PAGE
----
The mean time intervals from specimen collection to reporting of the results were found to be 5.12 ± 42 days for culture and 5.69 ± 0.37 for RT-PCR, demonstrating statistically nonsignificant differences (P = 0.33). Further analysis of the RT-PCR procedures demonstrated a mean time interval of 1.62 ± 0.21 days from specimen receipt at the Wadsworth Center laboratory to reporting of the results. In contrast, it took approximately 4.1 days to evaluate the need for molecular testing and for specimen processing and transport to the laboratory to occur.
A number of potential shortages resulted from the increased testing demands placed on the laboratory. We were able to substitute culture maintenance medium, which regularly undergoes monthly quality control testing, for viral transport medium. Aliquots of maintenance medium were placed in sterile conical centrifuge tubes, packaged along with sterile swabs, and labeled with the maintenance medium lot number and an expiration date set before the next scheduled quality control testing. The shortage of transporting supplies was handled by obtaining suitable boxes and preparing the necessary shipping labels.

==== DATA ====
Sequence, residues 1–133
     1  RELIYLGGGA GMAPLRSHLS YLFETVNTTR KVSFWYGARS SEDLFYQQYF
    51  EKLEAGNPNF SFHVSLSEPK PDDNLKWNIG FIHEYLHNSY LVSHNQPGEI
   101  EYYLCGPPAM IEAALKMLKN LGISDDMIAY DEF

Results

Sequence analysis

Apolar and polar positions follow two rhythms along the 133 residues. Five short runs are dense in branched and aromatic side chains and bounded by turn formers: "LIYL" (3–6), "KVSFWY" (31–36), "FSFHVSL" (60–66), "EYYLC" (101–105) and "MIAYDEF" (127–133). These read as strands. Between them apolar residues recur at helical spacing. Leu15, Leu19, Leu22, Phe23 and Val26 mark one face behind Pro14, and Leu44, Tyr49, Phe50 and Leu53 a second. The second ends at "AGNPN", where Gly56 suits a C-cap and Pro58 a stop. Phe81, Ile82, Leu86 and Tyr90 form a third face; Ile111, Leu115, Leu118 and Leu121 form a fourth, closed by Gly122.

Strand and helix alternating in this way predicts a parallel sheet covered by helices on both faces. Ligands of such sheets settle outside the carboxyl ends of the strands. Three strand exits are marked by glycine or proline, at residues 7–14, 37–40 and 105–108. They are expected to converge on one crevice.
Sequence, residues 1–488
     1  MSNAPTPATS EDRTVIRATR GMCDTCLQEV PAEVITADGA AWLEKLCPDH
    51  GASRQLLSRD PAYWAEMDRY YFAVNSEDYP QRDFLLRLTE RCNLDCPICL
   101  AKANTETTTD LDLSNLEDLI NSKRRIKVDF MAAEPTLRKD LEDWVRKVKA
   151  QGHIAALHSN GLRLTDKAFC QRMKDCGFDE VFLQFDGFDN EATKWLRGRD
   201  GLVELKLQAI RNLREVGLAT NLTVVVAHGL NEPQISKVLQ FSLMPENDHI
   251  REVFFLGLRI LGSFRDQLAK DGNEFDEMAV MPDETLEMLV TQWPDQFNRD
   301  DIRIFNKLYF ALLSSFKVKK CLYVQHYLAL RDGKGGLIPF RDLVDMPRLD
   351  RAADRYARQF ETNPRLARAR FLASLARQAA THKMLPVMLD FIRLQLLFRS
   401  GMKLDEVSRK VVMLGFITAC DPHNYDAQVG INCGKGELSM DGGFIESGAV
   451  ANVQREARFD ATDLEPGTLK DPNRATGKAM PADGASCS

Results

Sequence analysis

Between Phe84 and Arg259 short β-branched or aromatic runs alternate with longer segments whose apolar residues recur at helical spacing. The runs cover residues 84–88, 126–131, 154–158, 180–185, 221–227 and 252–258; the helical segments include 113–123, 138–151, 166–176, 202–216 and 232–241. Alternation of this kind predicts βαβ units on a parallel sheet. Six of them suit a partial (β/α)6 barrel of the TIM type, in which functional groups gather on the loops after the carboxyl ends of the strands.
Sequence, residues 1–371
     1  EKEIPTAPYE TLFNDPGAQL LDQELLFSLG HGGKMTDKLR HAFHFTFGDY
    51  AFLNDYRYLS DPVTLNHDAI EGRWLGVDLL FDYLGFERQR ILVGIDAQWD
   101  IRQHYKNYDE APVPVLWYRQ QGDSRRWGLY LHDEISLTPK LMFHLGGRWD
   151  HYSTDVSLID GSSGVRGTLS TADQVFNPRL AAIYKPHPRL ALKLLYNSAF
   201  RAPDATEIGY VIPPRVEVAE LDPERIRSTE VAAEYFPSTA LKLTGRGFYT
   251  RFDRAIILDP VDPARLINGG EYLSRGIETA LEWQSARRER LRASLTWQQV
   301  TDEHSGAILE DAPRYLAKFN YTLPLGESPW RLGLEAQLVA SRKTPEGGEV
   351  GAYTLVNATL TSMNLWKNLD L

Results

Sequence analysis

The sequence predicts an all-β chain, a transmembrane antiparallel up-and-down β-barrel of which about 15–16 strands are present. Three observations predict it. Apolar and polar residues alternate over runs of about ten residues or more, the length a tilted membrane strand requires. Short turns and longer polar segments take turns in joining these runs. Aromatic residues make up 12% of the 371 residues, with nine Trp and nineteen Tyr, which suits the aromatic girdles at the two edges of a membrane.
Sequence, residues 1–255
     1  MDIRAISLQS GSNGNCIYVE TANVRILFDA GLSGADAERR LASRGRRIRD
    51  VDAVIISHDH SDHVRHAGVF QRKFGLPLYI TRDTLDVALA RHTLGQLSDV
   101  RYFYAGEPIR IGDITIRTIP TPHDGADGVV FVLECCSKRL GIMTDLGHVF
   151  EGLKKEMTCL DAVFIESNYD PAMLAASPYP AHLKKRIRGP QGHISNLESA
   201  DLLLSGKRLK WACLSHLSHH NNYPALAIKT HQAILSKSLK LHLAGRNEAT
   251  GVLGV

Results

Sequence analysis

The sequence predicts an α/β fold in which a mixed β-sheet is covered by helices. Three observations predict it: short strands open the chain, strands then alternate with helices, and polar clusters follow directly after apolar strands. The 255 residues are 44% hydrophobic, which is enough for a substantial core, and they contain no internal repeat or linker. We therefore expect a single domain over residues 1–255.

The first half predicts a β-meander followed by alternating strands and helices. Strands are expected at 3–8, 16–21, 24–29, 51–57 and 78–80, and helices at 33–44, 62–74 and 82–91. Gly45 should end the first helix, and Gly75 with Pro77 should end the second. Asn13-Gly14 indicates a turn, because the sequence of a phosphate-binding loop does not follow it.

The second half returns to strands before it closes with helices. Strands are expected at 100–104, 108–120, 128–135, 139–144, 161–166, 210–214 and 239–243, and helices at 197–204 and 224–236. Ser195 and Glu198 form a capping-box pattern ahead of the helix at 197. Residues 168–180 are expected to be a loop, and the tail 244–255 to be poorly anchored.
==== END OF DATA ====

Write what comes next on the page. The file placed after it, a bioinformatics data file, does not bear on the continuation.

Increased personnel needs arose. Nighttime staffing of the microbiology laboratory was utilized during “off hours” in the Virology Laboratory to accommodate rapid immunoassay testing on a 24-h-a-day, 7-day-a-week schedule. In addition, approximately 12% increased technical time (12 to 15 h of overtime per week) was needed to process and package the specimens, transport the materials for outside testing, etc.